Some of those loose ends *really* needed tying up, to the point where I found it seriously irritating that they weren’t. It’s not billed as a mystery, but one of the plot threads certainly came over to me as being a mystery, with clues being dropped that the Starfarer crew had got something wrong — and it was never resolved as to whether they had or not. It may be just that I was misreading the author’s intentions and she *had* intended for the wrap-up somewhere in book 2 or 3 to be the Final Wrap-up of that thread, but if that was the case she should have refrained from making suggestions that there was a further secret behind the one unveiled. It left me feeling as if the final bit of that storyline in the last few pages was missing a significant part.

That niggle aside, I found the books very enjoyable to read once I’d picked up enough of the character threads in book 1 to follow what was going on. There is wonderful, wonderful world-building with a description of the maiden voyage of Earth’s interstellar ship, and the things it finds Out There.  And while the number of characters introduced in a very chop and change manner is confusing at first, it makes for a great depth to the characterisation over the course of the four books.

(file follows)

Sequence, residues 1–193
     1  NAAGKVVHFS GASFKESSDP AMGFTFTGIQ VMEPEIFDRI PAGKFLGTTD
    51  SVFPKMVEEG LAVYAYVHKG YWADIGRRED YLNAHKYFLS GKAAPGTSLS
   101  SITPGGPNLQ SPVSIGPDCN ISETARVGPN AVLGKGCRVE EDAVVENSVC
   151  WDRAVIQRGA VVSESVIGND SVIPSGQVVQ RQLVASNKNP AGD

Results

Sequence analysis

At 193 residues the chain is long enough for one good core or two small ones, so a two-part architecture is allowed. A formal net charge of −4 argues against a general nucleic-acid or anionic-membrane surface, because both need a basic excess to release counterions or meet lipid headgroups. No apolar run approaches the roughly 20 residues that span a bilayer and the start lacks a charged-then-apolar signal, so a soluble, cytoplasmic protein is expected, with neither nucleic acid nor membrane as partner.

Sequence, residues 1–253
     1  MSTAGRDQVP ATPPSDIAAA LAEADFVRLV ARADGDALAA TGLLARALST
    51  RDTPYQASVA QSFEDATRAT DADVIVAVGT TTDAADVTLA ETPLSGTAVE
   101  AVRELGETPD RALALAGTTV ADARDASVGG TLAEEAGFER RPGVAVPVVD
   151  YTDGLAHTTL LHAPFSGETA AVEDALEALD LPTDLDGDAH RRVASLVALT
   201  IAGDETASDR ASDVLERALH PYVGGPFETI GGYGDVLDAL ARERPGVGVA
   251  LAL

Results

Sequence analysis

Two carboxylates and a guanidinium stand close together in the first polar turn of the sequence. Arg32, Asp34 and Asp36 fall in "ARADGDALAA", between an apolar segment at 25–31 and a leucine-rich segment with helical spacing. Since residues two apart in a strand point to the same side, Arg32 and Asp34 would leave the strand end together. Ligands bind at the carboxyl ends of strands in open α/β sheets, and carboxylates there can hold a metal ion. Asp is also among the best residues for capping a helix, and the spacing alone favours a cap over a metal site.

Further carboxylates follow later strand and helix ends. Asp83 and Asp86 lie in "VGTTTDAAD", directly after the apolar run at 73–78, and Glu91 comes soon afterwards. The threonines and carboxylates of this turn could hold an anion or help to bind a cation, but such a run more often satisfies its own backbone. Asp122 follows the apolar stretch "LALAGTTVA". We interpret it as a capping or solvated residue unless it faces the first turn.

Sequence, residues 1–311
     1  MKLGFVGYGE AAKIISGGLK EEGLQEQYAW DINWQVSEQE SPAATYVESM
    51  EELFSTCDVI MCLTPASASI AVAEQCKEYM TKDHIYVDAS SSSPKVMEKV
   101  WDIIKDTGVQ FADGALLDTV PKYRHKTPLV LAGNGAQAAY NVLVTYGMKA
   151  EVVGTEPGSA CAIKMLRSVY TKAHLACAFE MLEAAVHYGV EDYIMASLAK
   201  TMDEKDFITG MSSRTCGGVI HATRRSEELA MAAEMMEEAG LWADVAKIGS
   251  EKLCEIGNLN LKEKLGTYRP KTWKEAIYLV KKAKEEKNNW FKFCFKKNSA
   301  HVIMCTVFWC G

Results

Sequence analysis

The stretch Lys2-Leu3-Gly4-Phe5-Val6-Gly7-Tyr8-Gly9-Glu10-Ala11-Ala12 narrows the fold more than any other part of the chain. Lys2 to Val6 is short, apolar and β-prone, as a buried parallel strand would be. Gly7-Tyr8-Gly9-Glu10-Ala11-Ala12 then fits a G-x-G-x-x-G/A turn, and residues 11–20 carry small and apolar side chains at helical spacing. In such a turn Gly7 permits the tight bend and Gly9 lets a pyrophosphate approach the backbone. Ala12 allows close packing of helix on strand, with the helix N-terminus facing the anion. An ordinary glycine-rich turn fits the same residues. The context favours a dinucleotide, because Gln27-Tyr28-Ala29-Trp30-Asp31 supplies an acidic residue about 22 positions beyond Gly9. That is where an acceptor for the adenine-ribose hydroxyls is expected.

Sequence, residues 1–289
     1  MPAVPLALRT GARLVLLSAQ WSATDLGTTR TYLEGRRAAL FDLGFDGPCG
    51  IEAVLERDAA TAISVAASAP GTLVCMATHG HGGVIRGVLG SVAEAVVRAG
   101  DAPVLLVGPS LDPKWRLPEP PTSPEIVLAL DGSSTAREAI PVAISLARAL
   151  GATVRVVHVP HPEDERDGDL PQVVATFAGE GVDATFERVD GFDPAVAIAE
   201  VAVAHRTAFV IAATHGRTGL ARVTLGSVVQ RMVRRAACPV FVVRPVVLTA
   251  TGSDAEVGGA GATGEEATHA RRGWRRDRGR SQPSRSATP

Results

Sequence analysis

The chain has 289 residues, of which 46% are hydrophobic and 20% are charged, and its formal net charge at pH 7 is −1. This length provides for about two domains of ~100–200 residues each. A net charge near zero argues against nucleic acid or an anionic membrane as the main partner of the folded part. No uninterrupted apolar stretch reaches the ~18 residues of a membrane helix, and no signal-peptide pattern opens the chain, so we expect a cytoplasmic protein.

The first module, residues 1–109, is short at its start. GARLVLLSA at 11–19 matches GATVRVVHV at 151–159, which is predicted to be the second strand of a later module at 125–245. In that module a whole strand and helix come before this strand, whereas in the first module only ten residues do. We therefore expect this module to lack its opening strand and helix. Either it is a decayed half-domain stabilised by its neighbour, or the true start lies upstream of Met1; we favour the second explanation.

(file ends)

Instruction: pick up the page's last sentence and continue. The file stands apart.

Some particular points of note — this series has both good science and good emotional development. And on the latter front, the people side of it includes the three members of a poly partnership amongst the lead characters – in a world where legally binding romantic partnerships of any sort are mildly unusual. This isn’t thrown in for titillation, but forms part of the world-building. And while we’re on the subject of diversity, the lead characters aren’t non-stop Default White American.

While I’ve rated this 3 stars overall, that’s partly a reflection of my disappointment with the ending. I’d happily recommend that people download the first book, available as a free sample from BookViewCafe, and try it to see if they like it enough to buy the full quartet.